Human Rights after the Coup
Following the popularly backed military coup that ousted Mohamed Morsi, the first freely elected president of Egypt, on 3 July 2013, authorities quickly cracked down on all Islamic TV stations that backed the president, who belonged to the Muslim Brotherhood. The military accused those channels of inciting violence against protesters and the police.
The authorities also raided the offices of Al-Jazeera Mubashir Misr, part of Al-Jazeera news network, which was criticized for its pro-Morsi coverage, took it off the air, and arrested several of its journalists, three of whom were later tried on terrorism charges.
After the televised speech by then defence minister and strongman Abd al-Fattah al-Sisi on 3 July, supporters of the deposed president staged two sit-ins, a large one at Rabaa al-Adawiya Square, in eastern Cairo, and a smaller one at al-Nahda Square, near Cairo University. Thousands of Muslim Brotherhood members and sympathizers took part in the sit-ins for nearly six weeks before security forces finally raided both camps and cleared them in 12 hours.
The death-toll claims vary greatly: the health ministry said that 600 people died and nearly 4,000 were injured, while the Muslim Brotherhood put the number of deaths at 2,600.
While most reports acknowledge that some of the protesters were armed, the vast majority were peaceful. With hundreds of bodies turning up in mosques bearing gunshot wounds and some charred beyond recognition, several human-rights organizations spoke out against the violent dispersal and killing of peaceful protesters, blaming security forces for not following international standards for the dispersal of protests and for failing to minimize bloodshed.
In early March 2014, the National Council for Human Rights (NCHR) released its report on the events, claiming that the first shot was fired by the protesters and that the use of firearms by the police was “justified”. But the report criticized the police for failing to exercise restraint and using disproportionate force.
The dispersal of the Muslim Brotherhood sit-ins set several events in motion. Subsequent protests and marches were met with live fire from security forces, and the interim president eventually passed a new protest law in November 2013 that requires protesters to seek permission from the Interior Ministry before any protests and bans overnight sit-ins. Activists and rights groups opposed the new law, worried that it would curtail the freedom of assembly and prohibit mass demonstrations, similar to the ones that toppled Mubarak and led to the overthrow of Morsi, while giving the police free rein to use force and arrest protesters.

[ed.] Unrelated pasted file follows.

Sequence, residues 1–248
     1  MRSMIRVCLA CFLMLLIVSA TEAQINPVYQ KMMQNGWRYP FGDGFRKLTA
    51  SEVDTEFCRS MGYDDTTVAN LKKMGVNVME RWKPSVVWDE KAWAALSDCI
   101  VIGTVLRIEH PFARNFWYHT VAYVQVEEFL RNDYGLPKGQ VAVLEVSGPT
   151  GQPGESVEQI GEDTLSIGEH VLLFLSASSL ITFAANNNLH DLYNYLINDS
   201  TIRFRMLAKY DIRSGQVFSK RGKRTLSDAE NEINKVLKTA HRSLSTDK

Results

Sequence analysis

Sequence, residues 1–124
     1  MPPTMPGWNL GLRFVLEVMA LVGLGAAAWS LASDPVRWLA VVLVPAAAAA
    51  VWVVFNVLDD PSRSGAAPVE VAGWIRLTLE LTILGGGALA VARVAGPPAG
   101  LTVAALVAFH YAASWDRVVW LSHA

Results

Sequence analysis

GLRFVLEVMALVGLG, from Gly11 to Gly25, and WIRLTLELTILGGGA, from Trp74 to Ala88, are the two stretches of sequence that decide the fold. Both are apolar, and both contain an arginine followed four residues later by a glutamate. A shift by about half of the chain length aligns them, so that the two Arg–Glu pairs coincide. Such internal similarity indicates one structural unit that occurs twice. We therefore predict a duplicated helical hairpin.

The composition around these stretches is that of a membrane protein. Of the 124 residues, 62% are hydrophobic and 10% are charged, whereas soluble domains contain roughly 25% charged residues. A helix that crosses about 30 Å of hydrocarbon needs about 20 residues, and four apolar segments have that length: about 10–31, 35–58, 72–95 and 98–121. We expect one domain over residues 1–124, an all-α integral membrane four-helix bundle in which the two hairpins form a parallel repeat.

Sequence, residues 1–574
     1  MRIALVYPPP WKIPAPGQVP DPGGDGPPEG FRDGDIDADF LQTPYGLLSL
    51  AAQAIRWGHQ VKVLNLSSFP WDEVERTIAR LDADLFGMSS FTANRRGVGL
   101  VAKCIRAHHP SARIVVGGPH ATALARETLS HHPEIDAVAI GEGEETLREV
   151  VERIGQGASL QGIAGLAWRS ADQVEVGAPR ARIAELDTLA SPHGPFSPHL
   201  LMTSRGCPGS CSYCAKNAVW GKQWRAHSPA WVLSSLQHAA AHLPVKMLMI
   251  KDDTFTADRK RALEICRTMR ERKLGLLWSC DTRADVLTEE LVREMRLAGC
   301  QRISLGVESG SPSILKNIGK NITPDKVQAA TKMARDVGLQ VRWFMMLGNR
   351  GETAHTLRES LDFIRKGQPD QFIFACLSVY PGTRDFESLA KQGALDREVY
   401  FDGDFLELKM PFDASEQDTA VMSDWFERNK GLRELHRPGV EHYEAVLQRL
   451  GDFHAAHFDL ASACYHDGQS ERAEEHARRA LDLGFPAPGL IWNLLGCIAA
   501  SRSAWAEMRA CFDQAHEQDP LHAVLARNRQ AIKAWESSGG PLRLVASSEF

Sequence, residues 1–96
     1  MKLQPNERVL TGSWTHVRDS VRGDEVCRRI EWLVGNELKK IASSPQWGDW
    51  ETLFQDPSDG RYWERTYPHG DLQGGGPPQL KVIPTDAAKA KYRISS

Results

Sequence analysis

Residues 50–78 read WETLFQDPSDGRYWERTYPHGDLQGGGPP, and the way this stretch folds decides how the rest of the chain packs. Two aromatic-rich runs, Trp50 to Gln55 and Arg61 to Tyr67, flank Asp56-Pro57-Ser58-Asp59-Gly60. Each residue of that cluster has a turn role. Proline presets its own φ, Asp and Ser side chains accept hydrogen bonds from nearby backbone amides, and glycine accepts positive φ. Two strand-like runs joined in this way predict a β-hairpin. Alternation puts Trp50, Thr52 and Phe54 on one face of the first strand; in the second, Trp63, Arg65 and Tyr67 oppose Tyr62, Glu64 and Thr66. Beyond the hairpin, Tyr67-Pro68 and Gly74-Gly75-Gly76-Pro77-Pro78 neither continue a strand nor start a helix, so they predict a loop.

Human Rights Watch published a statement saying that the new law “would effectively give the police carte blanche to ban protest in Egypt. The bill would ban all demonstrations near official buildings, give the police absolute discretion to ban any other protest, and allow officers to forcibly disperse overall peaceful protests if even a single protester throws a stone.”
The organization also stressed that the law “falls far short of Egypt’s obligation to respect freedom of assembly under the International Covenant on Civil and Political Rights.” The government and the interim president have, however, rejected all attempts to overturn the rule.
Banning Political Opponents
Following the dispersal of the Muslim Brotherhood sit-ins, the police cracked down on many of the group’s leaders and members, jailing thousands, including Mohamed Badie, the group’s highest authority, and Mohammed Khairat Saad el-Shater, its second in command.
The widespread crackdown on members of the group forced them to go underground. Many detainees reported bad detention conditions and torture at the hands of the police. A smuggled video from a high-security prison in Egypt, released by The Telegraph, showed tiny dirty cells shared by three prisoners in deplorable conditions.
Sarah Leah Whitson, the Middle East and North Africa director for Human Rights Watch, told Al Arabiya News that, “If these practices are part of a state policy and as systematic as initial reports suggest, they could amount to crimes against humanity.”
Following several terrorism attacks in various Egyptian cities, the Egyptian government moved on 25 December to officially declare the Muslim Brotherhood a terrorist organization. While Islamist militant groups claimed responsibility for the attacks and the Muslim Brotherhood condemned them and insisted it was involved only in peaceful protests, the government blamed the group for the attacks.
This could lead to arrested members of the Islamist group being tried under severe terrorism laws. In March and April 2014, the judiciary in Egypt handed down sweeping death sentences in the cases of more than 1,200 detainees, among them Muslim Brotherhood leader Badie, for acts of terrorism and the killing of police officers, later commuting the sentences of 492 of them to life in prison.
This drew condemnation from most Western countries: in the United States, the White House released a statement that the two rulings “[defy] even the most basic standards of international justice,” urging the Egyptian government to “end the use of mass trials, reverse this and previous mass sentences, and ensure that every citizen is afforded due process.”
The Islamist Muslim Brotherhood was not the only group to face pressure from the government. A court ruling on 28 April 2014 banned the activist group April 6 Youth Movement, one of the groups most involved in the protests that overthrew Mubarak in 2011. The movement’s co-founder, Ahmed Maher, and two other young secular protesters were sentenced to three years in prison for challenging Egypt’s protest law.
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